As a teenager, I imagined self driving cars to very much work like the taxi cabs in the original 1990 Total Recall movie or Sandra Bullock's police vehicle in 1993's Demolition Man. Today, we are much closer between imagination and reality and know that the actual interface of autonomous vehicles will resemble the appearance of a 1990's car cockpit much more than any designs in science fiction flicks.
Google's patented layout is virtually unchanged from the layout of a standard production car with a navigation screen. The only obvious difference is the addition of an information or status bar "to indicate the current status of vehicle". According to Google, "various other audible and visual indicators may also be employed".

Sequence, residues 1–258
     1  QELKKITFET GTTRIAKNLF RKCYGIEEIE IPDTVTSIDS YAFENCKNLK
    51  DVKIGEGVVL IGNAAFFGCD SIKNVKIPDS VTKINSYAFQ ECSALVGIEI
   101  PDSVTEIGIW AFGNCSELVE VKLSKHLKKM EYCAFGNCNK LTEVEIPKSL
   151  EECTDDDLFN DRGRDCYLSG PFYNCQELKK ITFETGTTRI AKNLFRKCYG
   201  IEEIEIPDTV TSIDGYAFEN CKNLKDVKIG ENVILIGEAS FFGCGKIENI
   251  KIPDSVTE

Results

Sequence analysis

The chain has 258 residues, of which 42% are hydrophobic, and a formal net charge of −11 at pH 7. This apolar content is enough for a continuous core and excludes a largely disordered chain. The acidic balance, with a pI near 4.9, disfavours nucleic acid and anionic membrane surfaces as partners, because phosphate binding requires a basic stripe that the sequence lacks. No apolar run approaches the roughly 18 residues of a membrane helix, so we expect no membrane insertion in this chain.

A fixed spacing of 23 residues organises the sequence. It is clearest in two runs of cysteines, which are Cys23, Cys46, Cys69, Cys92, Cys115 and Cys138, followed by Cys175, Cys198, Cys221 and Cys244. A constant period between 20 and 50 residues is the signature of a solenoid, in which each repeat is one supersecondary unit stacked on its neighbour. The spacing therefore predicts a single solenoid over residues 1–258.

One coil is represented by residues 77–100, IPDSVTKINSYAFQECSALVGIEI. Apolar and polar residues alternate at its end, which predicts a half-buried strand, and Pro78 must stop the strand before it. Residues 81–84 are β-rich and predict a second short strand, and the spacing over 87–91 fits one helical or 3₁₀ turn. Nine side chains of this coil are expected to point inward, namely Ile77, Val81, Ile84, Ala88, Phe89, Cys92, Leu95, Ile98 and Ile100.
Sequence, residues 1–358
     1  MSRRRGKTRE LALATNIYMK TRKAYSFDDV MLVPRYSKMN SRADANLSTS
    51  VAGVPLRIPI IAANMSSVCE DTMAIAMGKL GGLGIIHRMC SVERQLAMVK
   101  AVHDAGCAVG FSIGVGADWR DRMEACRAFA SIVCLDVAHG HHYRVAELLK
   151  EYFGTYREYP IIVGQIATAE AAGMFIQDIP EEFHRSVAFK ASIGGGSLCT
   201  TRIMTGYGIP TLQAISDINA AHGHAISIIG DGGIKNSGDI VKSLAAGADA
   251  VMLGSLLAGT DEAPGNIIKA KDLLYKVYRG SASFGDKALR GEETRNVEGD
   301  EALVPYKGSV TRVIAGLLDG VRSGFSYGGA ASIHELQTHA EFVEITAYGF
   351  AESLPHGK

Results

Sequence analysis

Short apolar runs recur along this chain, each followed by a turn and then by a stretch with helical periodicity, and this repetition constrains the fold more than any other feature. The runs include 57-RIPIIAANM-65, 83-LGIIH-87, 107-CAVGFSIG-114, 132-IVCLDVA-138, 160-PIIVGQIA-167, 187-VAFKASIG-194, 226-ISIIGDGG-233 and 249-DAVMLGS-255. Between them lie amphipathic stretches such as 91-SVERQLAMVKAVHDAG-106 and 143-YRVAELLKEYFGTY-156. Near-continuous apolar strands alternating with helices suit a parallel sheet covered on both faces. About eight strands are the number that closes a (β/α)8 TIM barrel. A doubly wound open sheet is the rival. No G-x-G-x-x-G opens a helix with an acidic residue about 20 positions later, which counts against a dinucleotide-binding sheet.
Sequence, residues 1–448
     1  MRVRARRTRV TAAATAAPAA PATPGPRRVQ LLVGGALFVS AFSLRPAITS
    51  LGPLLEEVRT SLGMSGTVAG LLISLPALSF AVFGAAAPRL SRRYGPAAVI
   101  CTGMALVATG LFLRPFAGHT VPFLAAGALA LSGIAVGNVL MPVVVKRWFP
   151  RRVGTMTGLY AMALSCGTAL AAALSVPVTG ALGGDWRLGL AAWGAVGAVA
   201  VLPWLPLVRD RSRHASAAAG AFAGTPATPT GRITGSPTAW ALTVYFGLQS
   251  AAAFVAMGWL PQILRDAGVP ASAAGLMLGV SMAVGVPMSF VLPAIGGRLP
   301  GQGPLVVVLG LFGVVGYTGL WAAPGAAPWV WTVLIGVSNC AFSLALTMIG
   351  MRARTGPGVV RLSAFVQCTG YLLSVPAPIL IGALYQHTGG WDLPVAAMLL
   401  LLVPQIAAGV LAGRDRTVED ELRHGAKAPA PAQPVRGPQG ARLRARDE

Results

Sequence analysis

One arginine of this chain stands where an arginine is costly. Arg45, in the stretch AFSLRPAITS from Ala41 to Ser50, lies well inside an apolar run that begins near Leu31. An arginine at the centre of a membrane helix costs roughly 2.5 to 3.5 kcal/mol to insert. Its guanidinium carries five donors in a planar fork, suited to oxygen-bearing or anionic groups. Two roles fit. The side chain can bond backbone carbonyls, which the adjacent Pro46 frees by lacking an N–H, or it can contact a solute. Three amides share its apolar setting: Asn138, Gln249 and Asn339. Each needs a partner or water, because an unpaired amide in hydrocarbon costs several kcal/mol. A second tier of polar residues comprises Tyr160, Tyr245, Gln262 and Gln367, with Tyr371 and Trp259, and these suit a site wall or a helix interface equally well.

The patent explains that the autonomous mode of a car is almost exclusively based on the computer's ability to determine whether vehicle is at a geographic location that allows safe self driving control. If the computer cannot identify the location, autonomous driving cannot be enabled. There are other hurdles to the autonomous driving function, "such as when the computer detects a plurality of obstacles proximate to the vehicle" and when there is enough driver input that prevents autonomous operation.
Some luxury cars today already offer a function that is very close to Google's autonomous driving model. Lane departure control and prevention, distance and brake control with automated re-acceleration ability are driver assistance feature that can already be purchased, for example, in Infiniti and Mercedes-Benz models that some may consider just one step away from a self driving car.